The chairman of the House Ways and Means Committee made clear Tuesday that finding a solution to the vexing issue of setting Medicare physician payment rates is on his to-do list this year, and he got some tepid support from a key Democrat.
Rep. Dave Camp, R-Mich., said that the effort could be helped by a recent reassessment of how much it would cost. Earlier this month, the Congressional Budget Office lowered its cost estimate for fixing Medicare’s physician payment formula over the next decade to $138 billion due to lower Medicare spending on physician services during the past three years. In January 2012, the CBO estimated the cost of the fix at $316 billion, which it reduced to $245 billion last August.
“Cutting scores in half is certainly helpful,” the committee chairman told reporters Tuesday, adding later, “that’s still a very large number.” It may be even harder to find funding amid the ongoing fight over “sequestration,” a package of automatic spending cuts set to kick in March 1. President Barack Obama and lawmakers are also battling over how to fund the government after the current continuing resolution expires on March 27.
Camp did not say where he would find the money to pay for the SGR overhaul, but he has promised it “will not add a dime to the deficit.” He said he is working on the proposal with a fellow Michigan Republican — House Energy and Commerce Committee Chairman Fred Upton. It might be part of a larger piece of legislation or it might move on its own.
“It’s hard to know right now,” he said. “I wouldn’t close off any avenue on that.” Camp said the SGR legislation is part of a broader committee agenda to examine safety net programs. The yearly “doc fix” dilemma stems from a 1997 deficit reduction law that called for setting Medicare physician payment rates through a formula known as the “sustainable growth rate” (SGR), based on economic growth. For the first few years, Medicare expenditures did not exceed the target and doctors received modest pay increases.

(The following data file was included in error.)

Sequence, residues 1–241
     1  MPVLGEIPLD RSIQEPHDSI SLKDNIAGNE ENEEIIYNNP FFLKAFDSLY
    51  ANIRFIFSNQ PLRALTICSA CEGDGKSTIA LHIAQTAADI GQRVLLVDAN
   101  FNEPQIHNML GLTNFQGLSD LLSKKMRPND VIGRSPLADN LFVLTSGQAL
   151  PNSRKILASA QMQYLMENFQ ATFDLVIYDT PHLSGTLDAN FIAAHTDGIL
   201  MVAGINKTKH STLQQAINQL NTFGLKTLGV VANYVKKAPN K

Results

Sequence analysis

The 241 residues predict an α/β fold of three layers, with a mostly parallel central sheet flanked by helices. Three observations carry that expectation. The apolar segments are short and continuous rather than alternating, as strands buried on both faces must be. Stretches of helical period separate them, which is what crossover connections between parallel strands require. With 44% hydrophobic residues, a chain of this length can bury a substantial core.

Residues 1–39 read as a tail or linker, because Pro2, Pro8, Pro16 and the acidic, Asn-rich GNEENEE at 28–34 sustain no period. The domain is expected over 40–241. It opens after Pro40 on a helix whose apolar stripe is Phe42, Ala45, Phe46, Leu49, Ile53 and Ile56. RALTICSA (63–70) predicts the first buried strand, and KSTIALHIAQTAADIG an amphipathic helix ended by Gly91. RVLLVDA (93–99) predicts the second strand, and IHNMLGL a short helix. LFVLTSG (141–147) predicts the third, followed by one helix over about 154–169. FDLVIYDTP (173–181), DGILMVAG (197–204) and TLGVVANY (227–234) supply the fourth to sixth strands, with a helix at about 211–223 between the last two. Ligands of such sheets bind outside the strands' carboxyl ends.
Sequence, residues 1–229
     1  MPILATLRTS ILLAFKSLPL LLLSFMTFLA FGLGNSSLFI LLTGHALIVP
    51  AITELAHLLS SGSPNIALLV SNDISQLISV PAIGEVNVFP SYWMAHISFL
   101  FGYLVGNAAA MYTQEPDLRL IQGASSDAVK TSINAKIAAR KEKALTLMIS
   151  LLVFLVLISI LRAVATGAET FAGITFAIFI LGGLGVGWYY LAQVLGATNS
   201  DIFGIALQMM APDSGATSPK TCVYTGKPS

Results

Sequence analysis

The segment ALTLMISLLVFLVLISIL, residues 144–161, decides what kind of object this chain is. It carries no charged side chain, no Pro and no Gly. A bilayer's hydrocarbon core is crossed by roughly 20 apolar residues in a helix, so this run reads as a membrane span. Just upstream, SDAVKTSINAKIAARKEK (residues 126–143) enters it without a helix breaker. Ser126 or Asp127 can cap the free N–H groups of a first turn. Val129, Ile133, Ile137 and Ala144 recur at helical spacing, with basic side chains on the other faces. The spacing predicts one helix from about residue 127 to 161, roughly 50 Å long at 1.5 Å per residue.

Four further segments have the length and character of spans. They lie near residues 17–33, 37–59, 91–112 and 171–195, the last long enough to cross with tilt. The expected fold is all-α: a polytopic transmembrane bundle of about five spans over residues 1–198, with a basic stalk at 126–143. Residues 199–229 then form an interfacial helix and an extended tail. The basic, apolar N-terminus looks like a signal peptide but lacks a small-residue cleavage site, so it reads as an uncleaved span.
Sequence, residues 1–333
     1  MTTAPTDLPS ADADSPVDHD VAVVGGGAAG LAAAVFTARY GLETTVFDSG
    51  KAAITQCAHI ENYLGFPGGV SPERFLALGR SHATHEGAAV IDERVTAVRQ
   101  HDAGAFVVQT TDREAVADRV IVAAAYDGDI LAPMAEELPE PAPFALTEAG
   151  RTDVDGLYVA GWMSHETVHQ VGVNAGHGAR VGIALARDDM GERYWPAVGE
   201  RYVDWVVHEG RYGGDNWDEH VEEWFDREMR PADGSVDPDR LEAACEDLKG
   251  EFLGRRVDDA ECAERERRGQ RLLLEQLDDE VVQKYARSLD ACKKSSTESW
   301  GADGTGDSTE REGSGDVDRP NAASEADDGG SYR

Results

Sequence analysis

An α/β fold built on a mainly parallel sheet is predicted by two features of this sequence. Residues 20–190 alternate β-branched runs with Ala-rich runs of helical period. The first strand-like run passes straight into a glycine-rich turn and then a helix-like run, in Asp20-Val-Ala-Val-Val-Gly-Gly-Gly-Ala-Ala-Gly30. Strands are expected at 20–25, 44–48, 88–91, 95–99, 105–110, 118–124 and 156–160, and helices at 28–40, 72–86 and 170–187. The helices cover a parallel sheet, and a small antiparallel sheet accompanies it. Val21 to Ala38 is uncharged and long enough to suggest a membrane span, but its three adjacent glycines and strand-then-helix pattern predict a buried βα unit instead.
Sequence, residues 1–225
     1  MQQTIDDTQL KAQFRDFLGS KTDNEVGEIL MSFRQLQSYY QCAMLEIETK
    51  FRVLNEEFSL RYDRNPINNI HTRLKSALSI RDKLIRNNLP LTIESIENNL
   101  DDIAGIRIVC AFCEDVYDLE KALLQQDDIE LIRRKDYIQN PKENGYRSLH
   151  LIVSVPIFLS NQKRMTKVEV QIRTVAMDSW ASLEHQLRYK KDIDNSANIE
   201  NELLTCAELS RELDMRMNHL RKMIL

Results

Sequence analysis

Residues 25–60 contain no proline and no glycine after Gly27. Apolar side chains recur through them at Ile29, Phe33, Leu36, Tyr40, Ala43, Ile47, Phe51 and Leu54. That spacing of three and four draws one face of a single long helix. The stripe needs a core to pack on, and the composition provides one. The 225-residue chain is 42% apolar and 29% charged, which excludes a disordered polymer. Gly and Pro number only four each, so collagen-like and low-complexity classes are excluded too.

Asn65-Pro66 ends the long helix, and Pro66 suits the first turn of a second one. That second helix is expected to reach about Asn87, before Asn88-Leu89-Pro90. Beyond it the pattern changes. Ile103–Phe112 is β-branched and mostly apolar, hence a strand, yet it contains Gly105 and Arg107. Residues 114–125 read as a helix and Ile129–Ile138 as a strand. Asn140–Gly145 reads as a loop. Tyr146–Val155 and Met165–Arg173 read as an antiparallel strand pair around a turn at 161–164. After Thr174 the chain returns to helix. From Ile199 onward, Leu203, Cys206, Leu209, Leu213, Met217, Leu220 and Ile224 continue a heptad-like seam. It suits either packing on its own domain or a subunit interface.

But in 2002, doctors reacted with fury when they came in for a 4.8 percent pay cut. Every year since, Congress has staved off scheduled cuts. But each deferral just increased the size – and price tag – of the fix needed the next time.
Camp and Upton, along with their panels’ respective health subcommittee chairs, have unveiled an SGR repeal plan that would freeze physician payment rates at their current levels for the next 10 years, with future increases based on individual physicians’ quality of care and efficiency.
Camp said Tuesday he has not discussed the draft with either the White House or the Centers for Medicare and Medicaid Services.
Rep. Jim McDermott of Washington, the ranking Democrat on the Ways and Means health subcommittee, said the GOP outline “leaves plenty of room for agreement if people want to find it.” But he warned that making beneficiaries finance the fix wouldn’t fly.
“If done smartly, this issue could reshape our entire health economy for the better, but costs just can’t be hoisted onto the backs of beneficiaries,” he said. “There are better options, with strong policy justifications, to pay for the needed SGR policy changes.”
Bipartisan groups of lawmakers have proposed fixing the SGR formula in the past, but have been unable to agree on how to pay for it.